Gov. Jim Justice had every right to call out fellow Republican governors for playing political football with mask mandates. And we are glad that he did because it was a good look for the state.
In an appearance on – clutch your pearls – CNN on Thursday, the governor criticized Texas Gov. Greg Abbott’s decision to remove his state’s mask mandate, warning it could be a “mistake.” Indeed, masks assist in stopping the transmission of Covid-19 and, as such, they save lives.
We just hope the governor, announcing on Friday that he was relaxing standards and opening up the state a little more aggressively than what we are comfortable with, knows what he is doing. To go backwards in our fight against this insidious and highly infectious disease would be demoralizing and, quite possibly, tragic at a time when we seem to have good news arriving daily.
At his Friday pandemic press briefing, the governor announced a whole fistful of restrictions that he was lifting. Seating capacities at restaurants and bars are back to 100 percent – just as long as social distancing can be maintained. The governor also opened up capacity for public gatherings to 100 people and gave his blessing to 100 percent capacity at museums and fitness centers.
The problem, of course, is similar to the mask mandate. Who is in charge of monitoring public spaces and measuring the distance between restaurant tables?
We still can’t go to the grocery store without seeing people without masks while others have not mastered the rather simple art of keeping both mouth and nose covered.
So when the governor announces that he is loosening restrictions and the public sees health-related statistics falling, we are concerned that people don’t let down their guard just in time for a virus variant to show up and put a whole bunch of people back into the intensive care unit.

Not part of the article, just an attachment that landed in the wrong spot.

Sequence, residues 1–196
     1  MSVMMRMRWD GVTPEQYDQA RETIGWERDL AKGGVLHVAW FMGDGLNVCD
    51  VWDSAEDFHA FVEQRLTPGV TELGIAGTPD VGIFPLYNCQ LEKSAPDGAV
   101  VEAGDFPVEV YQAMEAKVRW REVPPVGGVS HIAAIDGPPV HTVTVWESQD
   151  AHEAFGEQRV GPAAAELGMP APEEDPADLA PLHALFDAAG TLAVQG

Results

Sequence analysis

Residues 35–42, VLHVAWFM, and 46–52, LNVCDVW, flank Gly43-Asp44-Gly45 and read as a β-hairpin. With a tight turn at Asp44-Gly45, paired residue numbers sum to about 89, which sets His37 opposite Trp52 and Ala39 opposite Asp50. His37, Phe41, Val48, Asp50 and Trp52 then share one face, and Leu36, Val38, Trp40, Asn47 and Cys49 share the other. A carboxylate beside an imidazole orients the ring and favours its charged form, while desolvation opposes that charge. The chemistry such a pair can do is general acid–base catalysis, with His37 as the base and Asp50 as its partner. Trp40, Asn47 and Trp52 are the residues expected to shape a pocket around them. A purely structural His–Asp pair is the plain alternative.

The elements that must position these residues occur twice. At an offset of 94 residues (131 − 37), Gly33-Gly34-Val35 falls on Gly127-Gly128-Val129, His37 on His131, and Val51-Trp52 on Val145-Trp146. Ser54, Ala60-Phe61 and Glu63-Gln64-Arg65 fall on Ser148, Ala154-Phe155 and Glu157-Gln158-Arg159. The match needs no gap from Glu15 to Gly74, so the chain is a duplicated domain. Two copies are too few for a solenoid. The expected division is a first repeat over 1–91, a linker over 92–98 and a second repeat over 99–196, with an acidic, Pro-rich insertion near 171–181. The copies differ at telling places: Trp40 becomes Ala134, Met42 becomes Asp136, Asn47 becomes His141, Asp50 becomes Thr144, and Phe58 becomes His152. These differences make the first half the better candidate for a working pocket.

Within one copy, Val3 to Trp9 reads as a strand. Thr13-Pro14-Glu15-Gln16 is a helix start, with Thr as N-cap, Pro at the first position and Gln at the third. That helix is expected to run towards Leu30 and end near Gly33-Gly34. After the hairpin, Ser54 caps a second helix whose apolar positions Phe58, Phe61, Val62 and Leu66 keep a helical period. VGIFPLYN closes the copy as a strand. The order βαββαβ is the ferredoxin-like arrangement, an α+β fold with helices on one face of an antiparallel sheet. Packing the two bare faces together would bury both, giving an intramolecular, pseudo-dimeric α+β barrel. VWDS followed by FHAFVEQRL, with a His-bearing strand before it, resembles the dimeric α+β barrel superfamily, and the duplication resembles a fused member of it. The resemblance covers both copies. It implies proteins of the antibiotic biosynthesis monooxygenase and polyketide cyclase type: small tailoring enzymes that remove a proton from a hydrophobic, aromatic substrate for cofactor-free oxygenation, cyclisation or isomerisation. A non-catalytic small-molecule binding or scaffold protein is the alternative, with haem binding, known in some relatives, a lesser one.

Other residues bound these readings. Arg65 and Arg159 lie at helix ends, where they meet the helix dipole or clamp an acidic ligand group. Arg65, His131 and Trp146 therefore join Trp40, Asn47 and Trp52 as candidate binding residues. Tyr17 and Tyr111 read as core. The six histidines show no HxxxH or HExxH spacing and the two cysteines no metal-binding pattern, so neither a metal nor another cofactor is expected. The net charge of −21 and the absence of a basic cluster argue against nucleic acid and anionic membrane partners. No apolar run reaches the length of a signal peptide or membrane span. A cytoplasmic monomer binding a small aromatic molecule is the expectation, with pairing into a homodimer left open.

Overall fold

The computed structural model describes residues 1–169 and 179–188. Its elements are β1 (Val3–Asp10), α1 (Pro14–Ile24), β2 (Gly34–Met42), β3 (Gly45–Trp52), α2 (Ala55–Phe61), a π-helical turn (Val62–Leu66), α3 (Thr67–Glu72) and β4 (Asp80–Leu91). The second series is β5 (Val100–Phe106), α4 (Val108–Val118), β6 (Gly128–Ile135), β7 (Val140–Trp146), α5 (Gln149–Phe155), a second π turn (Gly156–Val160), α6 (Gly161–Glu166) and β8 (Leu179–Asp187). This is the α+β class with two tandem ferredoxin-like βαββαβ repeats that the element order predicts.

Yes, we are just a little nervous about it all. The summer surge was bad enough but the holiday numbers were overwhelming. And now, on our way out of that mess, even as we approach 525,000 deaths across the states, even as we count another 65,682 new daily illnesses and even as, here in the Mountain State, we count 326 new infections, 5,984 active cases and five deaths here and 2,485 across the U.S. on Friday, we just want some assurance that the governor is doing the right thing. And, we know, it is partly because it seems we are so much closer to the end of this ordeal than we are to its beginnings.
Again, the news is feeding our optimism. The Senate just passed a Covid relief bill and the House is likely to move it along for President Joe Biden to sign into law.
It is, The Economist reports, more popular than the 2017 Trump tax cuts and the Affordable Care Act along with a whole bunch of other measures. And there is good reason it is among the most popular pieces of legislation in decades.
It’s not just the money that the bill is distributing to millions of Americans, but the additional assistance in manufacturing, distributing and administering Covid vaccines that should put a cap on this new administration’s response to the pandemic and brighten everyone’s day.
Already, the Biden administration has nearly doubled the pace of inoculations – up to 2 million doses administered daily.
With a third vaccine – this one using a single-shot protocol – we may very well, as the president suggests, have enough vaccine available for every American by the end of May – before summer festivals, weddings, vacations, baseball games and holidays.
We just need to be disciplined enough to get there healthy and whole.
As it stands, the infection rate is falling across the country and state as the nation’s economy is rising. Like we said, good news is coming in buckets these days.
For his part, Justice said he is not taking his responsibility lightly.
“It’s my responsibility to lead us in the right path and be as cautious as I can be while still trying in every way for us to live with this terrible killer and get us back to as much normalcy as we can possibly get to,” the governor said.
Fine, governor. We hope we are wrong. We just think you may be jumping the gun – and it especially concerns us when we are so close to the finish line that we can see it dead ahead.
We cannot celebrate until we have won the race. We think there are laps remaining.
— The Register-Herald